Shares of Planet Fitness (NYSE: PLNT), Hertz Global Holdings (NYSE: HTZ), and Avis Budget Group (NASDAQ: CAR), three companies that would greatly benefit from a rebounding economy, were jumping over 10% Monday morning as a number of positive developments give investors hope. Powell also noted that the Fed could unleash new lending programs and adjust the pace of its asset purchases. The news that the Fed has more ammunition to offset COVID-19 impacts, and that Moderna is seeing promise in a vaccine, are huge developments for companies like Planet Fitness, Hertz, and Avis, which have been hit hard by social distancing and travel restrictions.
Today we'll evaluate Avis Budget Group, Inc. (NASDAQ:CAR) to determine whether it could have potential as an...
Its arch-rival fell well short of expectations in its latest quarter, highlighting the perilous state of the car rental industry as a whole.
Investors need to pay close attention to Avis Budget Group (CAR) stock based on the movements in the options market lately.
Shares of vehicle-rental company Avis Budget Group (NASDAQ: CAR) declined 10% Wednesday as markets continued to digest news for the hard-hit auto industry and gloomy economic data. First, taking a look at broader economic data that sent the Dow roughly 200 points lower toward the end of Wednesday's trading session, the U.S. private sector cut a record 20.2 million jobs in April, the latest sign of how devastating the COVID-19 coronavirus pandemic has hit the economy. One of the hardest-hit industries has been the automotive sector, especially the car rental business that has sent shares of Avis and rival Hertz Global Holdings (NYSE: HTZ) spiraling compared to the S&P 500.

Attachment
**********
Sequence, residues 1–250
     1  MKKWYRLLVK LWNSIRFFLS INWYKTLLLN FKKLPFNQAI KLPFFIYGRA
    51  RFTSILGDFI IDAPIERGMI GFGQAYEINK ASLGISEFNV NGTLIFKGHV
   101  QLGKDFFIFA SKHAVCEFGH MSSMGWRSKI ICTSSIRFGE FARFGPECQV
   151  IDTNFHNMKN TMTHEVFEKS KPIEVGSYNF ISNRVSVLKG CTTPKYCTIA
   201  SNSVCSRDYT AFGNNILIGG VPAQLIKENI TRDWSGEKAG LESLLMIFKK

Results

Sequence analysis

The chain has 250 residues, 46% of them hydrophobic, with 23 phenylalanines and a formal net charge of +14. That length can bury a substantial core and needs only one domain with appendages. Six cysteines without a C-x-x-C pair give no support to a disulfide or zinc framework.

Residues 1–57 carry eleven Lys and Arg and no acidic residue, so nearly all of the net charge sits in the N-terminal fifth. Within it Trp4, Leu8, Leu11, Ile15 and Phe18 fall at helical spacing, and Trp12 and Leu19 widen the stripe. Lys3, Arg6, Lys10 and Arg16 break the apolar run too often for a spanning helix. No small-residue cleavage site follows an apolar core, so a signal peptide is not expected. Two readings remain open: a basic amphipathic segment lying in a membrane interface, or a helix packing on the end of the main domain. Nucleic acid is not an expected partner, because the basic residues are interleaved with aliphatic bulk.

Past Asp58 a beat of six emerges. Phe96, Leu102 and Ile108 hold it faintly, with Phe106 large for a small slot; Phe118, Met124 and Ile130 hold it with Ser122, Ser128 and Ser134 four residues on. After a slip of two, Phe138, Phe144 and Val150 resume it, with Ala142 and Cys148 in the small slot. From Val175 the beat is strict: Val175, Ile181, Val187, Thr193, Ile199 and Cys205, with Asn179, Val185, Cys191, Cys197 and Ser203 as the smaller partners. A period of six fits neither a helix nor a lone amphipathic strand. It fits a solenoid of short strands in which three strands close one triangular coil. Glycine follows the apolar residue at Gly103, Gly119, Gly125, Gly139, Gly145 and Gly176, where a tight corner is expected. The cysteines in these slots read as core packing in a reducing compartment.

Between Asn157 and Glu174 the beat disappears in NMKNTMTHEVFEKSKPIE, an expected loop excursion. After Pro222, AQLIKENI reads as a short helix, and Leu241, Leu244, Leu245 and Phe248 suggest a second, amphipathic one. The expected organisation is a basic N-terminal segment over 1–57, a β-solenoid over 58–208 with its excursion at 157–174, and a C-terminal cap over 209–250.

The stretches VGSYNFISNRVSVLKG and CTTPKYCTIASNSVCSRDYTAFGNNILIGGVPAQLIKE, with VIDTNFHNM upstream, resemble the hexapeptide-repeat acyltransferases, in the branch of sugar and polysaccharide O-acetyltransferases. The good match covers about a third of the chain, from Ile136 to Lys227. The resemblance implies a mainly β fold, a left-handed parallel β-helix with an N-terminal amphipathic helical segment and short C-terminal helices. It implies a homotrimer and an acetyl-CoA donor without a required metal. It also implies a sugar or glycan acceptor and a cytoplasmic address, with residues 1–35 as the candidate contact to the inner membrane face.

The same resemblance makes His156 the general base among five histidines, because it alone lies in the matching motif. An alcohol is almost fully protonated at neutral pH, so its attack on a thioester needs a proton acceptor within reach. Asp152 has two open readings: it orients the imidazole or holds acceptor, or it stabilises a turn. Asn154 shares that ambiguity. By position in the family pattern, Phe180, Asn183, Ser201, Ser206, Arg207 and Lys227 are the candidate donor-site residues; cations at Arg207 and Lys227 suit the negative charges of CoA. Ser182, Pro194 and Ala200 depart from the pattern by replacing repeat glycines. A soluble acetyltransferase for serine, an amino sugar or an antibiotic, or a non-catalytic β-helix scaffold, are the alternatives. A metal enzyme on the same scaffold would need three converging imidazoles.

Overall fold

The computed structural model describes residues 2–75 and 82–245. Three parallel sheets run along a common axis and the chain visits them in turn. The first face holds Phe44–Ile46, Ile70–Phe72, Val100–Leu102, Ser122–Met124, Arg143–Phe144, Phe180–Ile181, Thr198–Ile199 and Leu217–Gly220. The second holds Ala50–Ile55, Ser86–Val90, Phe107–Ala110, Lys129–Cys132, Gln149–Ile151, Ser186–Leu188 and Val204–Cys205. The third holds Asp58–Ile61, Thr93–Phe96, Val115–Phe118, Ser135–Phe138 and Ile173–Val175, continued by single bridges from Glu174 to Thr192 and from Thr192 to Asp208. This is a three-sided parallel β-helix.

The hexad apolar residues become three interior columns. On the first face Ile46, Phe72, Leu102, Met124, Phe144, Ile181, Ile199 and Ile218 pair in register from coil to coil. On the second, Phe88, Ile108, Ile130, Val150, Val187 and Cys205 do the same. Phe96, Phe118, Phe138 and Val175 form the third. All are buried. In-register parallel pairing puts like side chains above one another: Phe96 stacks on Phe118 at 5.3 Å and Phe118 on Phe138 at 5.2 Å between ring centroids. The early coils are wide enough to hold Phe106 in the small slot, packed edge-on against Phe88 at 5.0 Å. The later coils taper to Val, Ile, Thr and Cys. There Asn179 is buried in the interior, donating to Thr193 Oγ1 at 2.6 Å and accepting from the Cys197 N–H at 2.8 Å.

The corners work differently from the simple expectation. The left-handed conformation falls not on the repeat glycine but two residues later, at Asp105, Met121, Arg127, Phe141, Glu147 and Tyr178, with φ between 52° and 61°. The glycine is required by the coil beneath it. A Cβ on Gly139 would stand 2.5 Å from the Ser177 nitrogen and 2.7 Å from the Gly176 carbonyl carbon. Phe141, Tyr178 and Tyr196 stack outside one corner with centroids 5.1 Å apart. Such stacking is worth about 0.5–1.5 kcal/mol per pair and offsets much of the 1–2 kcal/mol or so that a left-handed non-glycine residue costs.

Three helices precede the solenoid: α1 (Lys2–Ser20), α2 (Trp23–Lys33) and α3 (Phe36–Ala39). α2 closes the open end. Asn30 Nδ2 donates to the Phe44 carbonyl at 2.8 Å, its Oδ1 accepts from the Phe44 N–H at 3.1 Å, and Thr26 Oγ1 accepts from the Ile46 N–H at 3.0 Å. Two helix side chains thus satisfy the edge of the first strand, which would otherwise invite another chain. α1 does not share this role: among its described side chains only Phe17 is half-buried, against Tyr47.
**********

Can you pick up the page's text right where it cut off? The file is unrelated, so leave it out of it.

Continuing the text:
(Bloomberg) -- Rental-car companies struggling to survive the coronavirus pandemic’s catastrophic blow to their business have been working with automakers to call off purchases, in some cases even redirecting vehicles in transit to their now largely neglected parking lots.General Motors Co. is taking back cars it agreed to sell that were on their way to Hertz Global Holdings Inc., Avis Budget Group Inc. and closely held Enterprise Holdings Inc., a spokesman said. Hyundai Motor Co. also confirmed it has redirected some vehicles to its retailers that it was planning to produce for fleet customers.Early last month, Fiat Chrysler Automobiles NV compiled a list of almost 30,000 vehicles the rental-car companies had purchased and circulated it to other prospective fleet customers, according to a person who shared the document with Bloomberg News. The attempt to transfer any of the cars to other customers ultimately fell through for logistical reasons, a Fiat Chrysler spokesman said.The effort by the automakers to help the companies shrink their fleets captures just how dire the rental business is amid shutdown orders that have clobbered the travel industry. Hertz’s lenders granted an eleventh-hour reprieve from a potential bankruptcy on Tuesday, while Avis sold $500 million of high-interest junk bonds to weather what it expects to be back-to-back months of revenue plummeting 80%.Carmakers -- some of which have struggled to find space for an unprecedented glut of cars at U.S. ports -- won’t be able to count on the rental-car companies to help buoy sales for the foreseeable future. Deliveries to all fleet customers are about 20% of their business in the U.S., and the vast majority of those go to the rental channel.Hertz, Avis and Enterprise have canceled all orders of GM vehicles for May, June and into July, according to a person familiar with its operations who asked not to be identified because the information is private. Hertz said in a filing Tuesday that it doesn’t expect to acquire new vehicles for the remainder of this year.A spokeswoman for Hertz declined to comment beyond the filing, and representatives for Avis and Enterprise didn’t immediately comment.U.S. rental-car sales plummeted 77% to 32,944 vehicles in April, according to Cox Automotive. The next-lowest monthly total in data compiled over the last seven years was almost double that figure.Fiat Chrysler saw the largest decline in total fleet sales among major automakers, Cox said, without providing figures by company.‘No Business’Jim Cain, a GM spokesman, confirmed that the automaker took back some cars from rental companies and sent them to dealers who need inventory. In some states -- particularly in southern and western markets that are less affected by Covid-19 -- dealers are seeing “robust business,” he said.There was “virtually no business” last month in the fleet industry, about 80% of which usually goes to rental-car companies, according to Bob Carter, executive vice president of sales at Toyota Motor Corp.’s North American unit.“As we transitioned to people not traveling, the rental-car demand dropped precipitously,” Carter said in an interview last week.Business should start to pick back up over time, Randy Parker, sales vice president at Hyundai’s U.S. subsidiary, said in a May 1 interview.“As governments start to lift restrictions and people start to travel,” Parker said, “fleet will rebound.”(Updates with April fleet sales data in the eighth paragraph.)For more articles like this, please visit us at bloomberg.comSubscribe now to stay ahead with the most trusted business news source.©2020 Bloomberg L.P.